The press has called her China's Jackie Kennedy, Lady Macbeth, and the Empress. There's been no trial, except by the blogosphere; no real evidence, beyond rumor and innuendo. Yet Gu Kailai, the wife of fallen Politburo member Bo Xilai has effectively been tried, convicted, and executed both on China's Internet and in the foreign media for the death of British businessman Neil Heywood.
It's an irresistible story: Gu Kailai, the wife of senior Communist Party figure and high-profile Chongqing party secretary Bo Xilai, is said to have arranged the murder and cremation without autopsy of the family confidant and her rumored lover Heywood in a Chongqing hotel in November 2011. After Bo's former police chief, Wang Lijun, fled to the U.S. Consulate in Chengdu, torpedoing Bo's career, Gu's involvement began to seep out, and in April, China's official news agency, Xinhua, confirmed that Gu was being investigated for Heywood's murder. On June 22, the Japanese newspaper Asahi Shimbun, citing "Communist Party sources," claimed that Gu has confessed to murdering Heywood.
Sadly, "dragon ladies" are an all-too-familiar trope in Chinese history: A successful man achieves power, wealth, and the love of many before being brought low by an excessive ambition encouraged by his wife, a beautiful woman obsessed with money and power. There has been a consistent demonization of women in traditional Chinese history. Blamed for the collapse of the three earliest dynasties, women were regularly described as tyrants and nymphomaniacs who destroy thrones and cause war. Even today, the Communist Party prefers the narrative of a dragon lady to the reality of a massive internal rupture in the halls of government.
We could go back a long way -- history tends to in China -- and recall Empress Wu Zetian, who ruled between 665 and 725 A.D. The Confucian historians who disliked her reforms portrayed her as sexually rapacious, a devourer of young men and corrupter of Buddhist monks. The most famous dragon lady, however, is the Dowager Empress Cixi, an outsider who rose in the late 19th century through sexual exploits from an emperor's concubine to the one person running -- and, many would argue, ruining -- the Qing dynasty. Although there's no more actual evidence of Cixi's homicidal tendencies than there is of Gu's, that hasn't stopped historical soap operas on Chinese television from claiming that Cixi murdered the Guangxu Emperor to preserve her legacy after her death.
Most dragon ladies are married to a man but wedded to the throne. Soong Mei-ling, the wife of Chiang Kai-shek, China's ruler before Mao Zedong, was allegedly politically conniving, all-corrupting, sexually promiscuous, and self-enriching. After World War II, it became clear that the Chiang family had pocketed hundreds of millions of dollars of American aid intended for the war. She reputedly bedded 1940 U.S. Republican presidential nominee Wendell Willkie as part of her plan to see him become president so she "could rule the East and he the West" -- though no evidence of this exists. The communist-driven historical narrative, which formerly cast Chiang as a traitor, now views him as a "misguided patriot." Today, Madame Chiang is seen as a style icon -- her cheongsams with thigh-high slits are still popular -- and a consummate manipulator. Indeed, to follow the new, approved narrative of Chiang as a misguided one is to be encouraged to believe that Madame did a large amount of the misguiding.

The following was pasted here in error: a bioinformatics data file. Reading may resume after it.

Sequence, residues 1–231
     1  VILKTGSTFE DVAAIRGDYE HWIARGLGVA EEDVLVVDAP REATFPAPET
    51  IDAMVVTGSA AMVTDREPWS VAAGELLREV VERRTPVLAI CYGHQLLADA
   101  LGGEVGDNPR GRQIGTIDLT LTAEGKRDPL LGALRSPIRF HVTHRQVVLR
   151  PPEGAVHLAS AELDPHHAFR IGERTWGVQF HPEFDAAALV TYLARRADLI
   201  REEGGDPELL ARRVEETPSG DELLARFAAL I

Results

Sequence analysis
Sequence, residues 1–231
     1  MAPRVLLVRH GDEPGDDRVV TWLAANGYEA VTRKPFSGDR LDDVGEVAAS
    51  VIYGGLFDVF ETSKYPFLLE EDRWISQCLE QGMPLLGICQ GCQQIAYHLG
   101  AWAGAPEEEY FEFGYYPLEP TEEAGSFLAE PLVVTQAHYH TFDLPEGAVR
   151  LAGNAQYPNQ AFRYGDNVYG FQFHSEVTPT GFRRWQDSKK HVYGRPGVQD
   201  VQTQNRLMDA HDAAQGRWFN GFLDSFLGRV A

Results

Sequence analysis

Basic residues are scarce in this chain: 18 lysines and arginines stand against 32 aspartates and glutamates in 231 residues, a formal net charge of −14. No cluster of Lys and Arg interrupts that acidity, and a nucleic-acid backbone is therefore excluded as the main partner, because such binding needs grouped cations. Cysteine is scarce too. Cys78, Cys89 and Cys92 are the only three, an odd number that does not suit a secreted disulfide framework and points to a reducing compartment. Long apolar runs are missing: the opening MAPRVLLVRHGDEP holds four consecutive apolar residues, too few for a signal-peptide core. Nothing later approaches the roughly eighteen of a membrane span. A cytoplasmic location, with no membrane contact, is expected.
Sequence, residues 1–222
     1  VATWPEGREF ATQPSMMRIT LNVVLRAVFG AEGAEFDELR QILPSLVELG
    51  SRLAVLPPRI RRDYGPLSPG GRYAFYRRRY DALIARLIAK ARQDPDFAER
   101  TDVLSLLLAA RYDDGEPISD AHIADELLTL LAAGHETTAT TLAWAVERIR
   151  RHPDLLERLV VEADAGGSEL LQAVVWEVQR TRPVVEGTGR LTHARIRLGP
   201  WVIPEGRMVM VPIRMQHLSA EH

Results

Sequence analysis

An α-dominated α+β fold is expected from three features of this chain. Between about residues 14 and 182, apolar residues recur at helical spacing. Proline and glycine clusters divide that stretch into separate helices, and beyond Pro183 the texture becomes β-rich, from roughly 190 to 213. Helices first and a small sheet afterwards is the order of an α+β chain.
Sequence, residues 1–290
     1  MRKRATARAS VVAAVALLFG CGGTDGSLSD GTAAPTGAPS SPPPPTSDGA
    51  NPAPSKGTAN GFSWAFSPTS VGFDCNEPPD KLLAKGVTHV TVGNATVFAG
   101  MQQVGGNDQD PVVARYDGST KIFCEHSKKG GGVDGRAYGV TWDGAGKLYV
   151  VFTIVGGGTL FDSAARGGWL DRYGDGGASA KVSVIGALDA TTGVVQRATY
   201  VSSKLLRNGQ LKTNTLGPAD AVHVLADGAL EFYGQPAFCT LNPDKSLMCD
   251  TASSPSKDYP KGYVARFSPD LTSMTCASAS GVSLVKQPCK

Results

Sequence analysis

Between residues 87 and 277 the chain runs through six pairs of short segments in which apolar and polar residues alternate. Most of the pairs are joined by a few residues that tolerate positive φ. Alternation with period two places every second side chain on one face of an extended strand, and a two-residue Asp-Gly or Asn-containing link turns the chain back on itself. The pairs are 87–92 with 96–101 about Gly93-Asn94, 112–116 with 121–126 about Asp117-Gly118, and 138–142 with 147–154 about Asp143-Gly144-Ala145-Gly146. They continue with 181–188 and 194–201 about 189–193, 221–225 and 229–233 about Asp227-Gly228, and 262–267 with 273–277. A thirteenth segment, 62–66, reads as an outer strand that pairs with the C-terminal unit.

Jiang Qing, or Madame Mao, was as ruthless as her husband. A former movie star who became Mao's fourth wife (ousting wives is a trait Madame Chiang and Madame Mao share with Gu, herself a second wife accused of ousting the first), Jiang dictated China's cultural policy during the Cultural Revolution, personally driving dozens if not hundreds of artists to suicide. Imprisoned after her husband's death, Jiang defended herself by saying, "I was the Chairman's dog. Whoever he asked me to bite, I bit." The notion of a player behind the throne -- coming with smiles to do the dirty work of the male leader -- plays into the dragon-lady trope in both East and West, whether it's Fu Manchu's beautiful but murderous daughter Fah Lo See in the 1932 Yellow Peril B-movie The Mask of Fu Manchu, or, as we are led to believe, Madame Gu ridding her husband of Heywood, an annoying foreign irritant.